Family calls for calm in Missouri shooting case
FERGUSON, Missouri (AP) — The family of the unarmed black 18-year-old who was fatally shot in Missouri called for calm Friday as a grand jury drew closer to an announcement on whether to charge the officer who shot him.
The St. Louis area was on edge as it awaited word on whether the panel would indict officer Darren Wilson in the Aug. 9 death of Michael Brown.
The shooting of a young black man by a white police officer led to protests, some of which turned violent. The case reigniting a fiery debate in the United States over race relations between police departments and the minority communities they serve. In Ferguson, the city outside St. Louis where Brown was killed, two-thirds of residents are black but the police force is almost entirely white
The FBI has sent nearly 100 additional agents to Ferguson to help law enforcement prepare for possible unrest ahead of the grand jury decision, according to a U.S. official who was not authorized to discuss the FBI plans by name and spoke on condition of anonymity.
Ed Magee, a spokesman for county Prosecutor Bob McCulloch, said Friday in an email to reporters that the grand jury is still reviewing the case. The time, date and place for a news conference announcing the decision had not been decided, he wrote.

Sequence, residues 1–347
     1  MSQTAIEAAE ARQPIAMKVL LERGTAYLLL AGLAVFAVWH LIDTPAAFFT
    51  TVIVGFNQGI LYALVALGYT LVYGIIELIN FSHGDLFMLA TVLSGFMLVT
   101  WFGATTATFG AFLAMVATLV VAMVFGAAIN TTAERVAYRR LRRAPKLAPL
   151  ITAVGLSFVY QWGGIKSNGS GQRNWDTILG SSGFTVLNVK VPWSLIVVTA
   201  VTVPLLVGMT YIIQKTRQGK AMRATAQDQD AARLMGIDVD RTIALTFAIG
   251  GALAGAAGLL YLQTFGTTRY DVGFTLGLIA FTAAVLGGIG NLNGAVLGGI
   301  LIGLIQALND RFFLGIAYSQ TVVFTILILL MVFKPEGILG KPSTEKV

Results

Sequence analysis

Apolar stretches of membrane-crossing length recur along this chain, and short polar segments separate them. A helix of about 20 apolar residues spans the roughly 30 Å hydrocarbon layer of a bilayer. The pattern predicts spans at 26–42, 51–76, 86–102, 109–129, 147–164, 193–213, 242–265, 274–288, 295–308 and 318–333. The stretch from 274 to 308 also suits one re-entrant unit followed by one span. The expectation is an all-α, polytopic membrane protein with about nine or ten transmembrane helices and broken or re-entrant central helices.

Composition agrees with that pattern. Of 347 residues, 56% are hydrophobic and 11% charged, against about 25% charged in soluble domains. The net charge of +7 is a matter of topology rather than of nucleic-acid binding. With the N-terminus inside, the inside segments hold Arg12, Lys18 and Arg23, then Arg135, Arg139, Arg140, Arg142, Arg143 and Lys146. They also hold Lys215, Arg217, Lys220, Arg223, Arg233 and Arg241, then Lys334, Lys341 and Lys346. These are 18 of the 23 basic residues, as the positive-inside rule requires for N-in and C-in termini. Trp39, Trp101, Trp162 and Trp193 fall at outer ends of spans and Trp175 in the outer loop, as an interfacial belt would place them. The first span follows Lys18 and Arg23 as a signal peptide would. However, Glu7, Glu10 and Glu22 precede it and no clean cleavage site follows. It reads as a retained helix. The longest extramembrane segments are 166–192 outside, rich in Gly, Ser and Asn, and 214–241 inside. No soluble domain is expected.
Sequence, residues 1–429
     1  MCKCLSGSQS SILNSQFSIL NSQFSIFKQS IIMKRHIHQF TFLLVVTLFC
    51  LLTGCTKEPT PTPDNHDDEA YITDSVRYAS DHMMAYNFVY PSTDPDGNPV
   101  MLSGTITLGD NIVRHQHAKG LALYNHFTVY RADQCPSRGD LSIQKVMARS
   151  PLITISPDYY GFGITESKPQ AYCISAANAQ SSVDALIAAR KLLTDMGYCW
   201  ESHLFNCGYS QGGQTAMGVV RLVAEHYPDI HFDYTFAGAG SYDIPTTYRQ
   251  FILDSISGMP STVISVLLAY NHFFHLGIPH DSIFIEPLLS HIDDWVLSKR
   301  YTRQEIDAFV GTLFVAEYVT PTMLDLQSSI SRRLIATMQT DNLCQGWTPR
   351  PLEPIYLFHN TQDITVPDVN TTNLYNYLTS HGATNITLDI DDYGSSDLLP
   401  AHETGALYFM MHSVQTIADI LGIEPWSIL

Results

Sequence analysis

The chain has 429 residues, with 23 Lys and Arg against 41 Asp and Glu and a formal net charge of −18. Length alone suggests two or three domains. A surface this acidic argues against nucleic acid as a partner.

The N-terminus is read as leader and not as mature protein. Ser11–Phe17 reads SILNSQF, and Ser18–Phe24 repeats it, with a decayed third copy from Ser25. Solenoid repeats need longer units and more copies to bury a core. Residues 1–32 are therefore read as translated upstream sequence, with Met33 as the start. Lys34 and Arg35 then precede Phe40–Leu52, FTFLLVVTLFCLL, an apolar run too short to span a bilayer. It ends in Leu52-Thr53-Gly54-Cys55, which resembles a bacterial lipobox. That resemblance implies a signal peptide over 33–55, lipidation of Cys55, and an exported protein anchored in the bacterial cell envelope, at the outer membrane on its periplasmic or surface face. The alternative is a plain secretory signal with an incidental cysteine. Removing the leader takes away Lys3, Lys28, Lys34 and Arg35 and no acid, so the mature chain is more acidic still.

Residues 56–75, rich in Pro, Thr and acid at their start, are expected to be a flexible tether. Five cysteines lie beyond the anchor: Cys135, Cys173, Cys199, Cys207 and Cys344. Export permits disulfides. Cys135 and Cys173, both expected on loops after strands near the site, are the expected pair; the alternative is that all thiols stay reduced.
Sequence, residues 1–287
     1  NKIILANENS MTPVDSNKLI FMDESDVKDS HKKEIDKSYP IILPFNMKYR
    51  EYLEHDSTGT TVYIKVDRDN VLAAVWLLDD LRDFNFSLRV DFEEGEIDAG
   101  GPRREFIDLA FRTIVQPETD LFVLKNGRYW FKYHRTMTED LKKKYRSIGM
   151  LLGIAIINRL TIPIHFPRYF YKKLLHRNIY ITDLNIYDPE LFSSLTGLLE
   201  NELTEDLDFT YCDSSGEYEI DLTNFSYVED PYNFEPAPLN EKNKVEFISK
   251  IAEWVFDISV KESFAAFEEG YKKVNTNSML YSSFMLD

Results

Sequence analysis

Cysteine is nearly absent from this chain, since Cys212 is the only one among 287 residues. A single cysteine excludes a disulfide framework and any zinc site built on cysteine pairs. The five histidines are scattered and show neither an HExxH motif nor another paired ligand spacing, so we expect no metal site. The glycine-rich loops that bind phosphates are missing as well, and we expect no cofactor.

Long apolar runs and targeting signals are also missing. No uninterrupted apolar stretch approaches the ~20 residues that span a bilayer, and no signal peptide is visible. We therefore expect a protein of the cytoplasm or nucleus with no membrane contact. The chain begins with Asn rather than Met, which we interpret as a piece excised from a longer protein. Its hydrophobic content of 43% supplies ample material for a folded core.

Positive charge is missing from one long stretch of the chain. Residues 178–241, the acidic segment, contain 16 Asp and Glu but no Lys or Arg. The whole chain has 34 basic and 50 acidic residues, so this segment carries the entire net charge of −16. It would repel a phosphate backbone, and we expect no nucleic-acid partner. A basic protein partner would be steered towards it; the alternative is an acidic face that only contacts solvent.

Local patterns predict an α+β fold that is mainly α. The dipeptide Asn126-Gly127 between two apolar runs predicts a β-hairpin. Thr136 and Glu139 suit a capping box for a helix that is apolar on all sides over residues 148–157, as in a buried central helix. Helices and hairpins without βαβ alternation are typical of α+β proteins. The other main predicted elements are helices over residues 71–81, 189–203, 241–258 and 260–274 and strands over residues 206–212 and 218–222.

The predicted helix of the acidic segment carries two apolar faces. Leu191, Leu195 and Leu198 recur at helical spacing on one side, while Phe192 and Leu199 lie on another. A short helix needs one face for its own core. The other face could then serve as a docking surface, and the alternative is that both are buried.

Wilson, 28, reportedly told the grand jury he feared for his life as Brown, who was 6-foot-4 and (1.9 meters) nearly 300 pounds (136 kilograms), came at him. Witnesses said Brown was trying to surrender and had his hands up.
Protesters were arrested Thursday outside Ferguson police headquarters for the second night in a row after around 40 demonstrators blocked a road.
President Barack Obama called on protesters to remain peaceful, saying everyone has the right to express their views and assemble peacefully but that the event weas not an excuse for violence.
Calls for peace and restraint emanated from other quarters, as well — business owners, civil rights leaders and outgoing Attorney General Eric Holder. Most prominently, those calls came from Brown’s father.
“Hurting others or destroying property is not the answer,” Brown said in the video released by the group STL Forward. “No matter what the grand jury decides, I don’t want my son’s death to be in vain. I want it to lead to incredible change, positive change, change that makes the St. Louis region better for everyone.”
Salter reported from St. Louis. Associated Press writers Eric Tucker and Jim Drinkard in Washington contributed to this report.